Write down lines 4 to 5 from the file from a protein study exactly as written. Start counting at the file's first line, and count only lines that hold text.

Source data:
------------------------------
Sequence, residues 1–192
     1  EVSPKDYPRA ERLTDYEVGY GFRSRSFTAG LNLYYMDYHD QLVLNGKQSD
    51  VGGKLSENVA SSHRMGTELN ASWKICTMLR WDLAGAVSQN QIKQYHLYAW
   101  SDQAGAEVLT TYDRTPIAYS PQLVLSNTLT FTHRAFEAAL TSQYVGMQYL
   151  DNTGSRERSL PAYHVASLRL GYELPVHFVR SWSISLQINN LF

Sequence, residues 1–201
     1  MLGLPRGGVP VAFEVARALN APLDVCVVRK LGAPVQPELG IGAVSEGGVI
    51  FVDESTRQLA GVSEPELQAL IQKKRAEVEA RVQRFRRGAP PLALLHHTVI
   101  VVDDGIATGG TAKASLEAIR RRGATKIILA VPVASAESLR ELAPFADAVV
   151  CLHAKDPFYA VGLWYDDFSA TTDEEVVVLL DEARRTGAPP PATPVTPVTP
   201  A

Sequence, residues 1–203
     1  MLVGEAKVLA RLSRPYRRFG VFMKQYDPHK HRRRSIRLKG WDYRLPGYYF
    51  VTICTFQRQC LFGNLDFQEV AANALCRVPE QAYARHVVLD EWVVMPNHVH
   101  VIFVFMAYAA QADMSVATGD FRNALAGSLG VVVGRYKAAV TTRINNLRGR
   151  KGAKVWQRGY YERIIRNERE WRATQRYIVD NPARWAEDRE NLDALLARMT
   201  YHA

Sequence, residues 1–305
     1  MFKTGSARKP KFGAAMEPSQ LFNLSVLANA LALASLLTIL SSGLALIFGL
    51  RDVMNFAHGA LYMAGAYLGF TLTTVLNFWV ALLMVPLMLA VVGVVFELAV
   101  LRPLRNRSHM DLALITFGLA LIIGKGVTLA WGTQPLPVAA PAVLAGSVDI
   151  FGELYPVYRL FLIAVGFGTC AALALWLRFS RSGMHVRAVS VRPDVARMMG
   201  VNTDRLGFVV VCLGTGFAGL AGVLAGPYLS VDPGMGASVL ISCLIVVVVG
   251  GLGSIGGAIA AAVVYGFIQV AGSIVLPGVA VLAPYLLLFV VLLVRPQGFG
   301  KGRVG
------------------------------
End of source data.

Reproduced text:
   101  SDQAGAEVLT TYDRTPIAYS PQLVLSNTLT FTHRAFEAAL TSQYVGMQYL
   151  DNTGSRERSL PAYHVASLRL GYELPVHFVR SWSISLQINN LF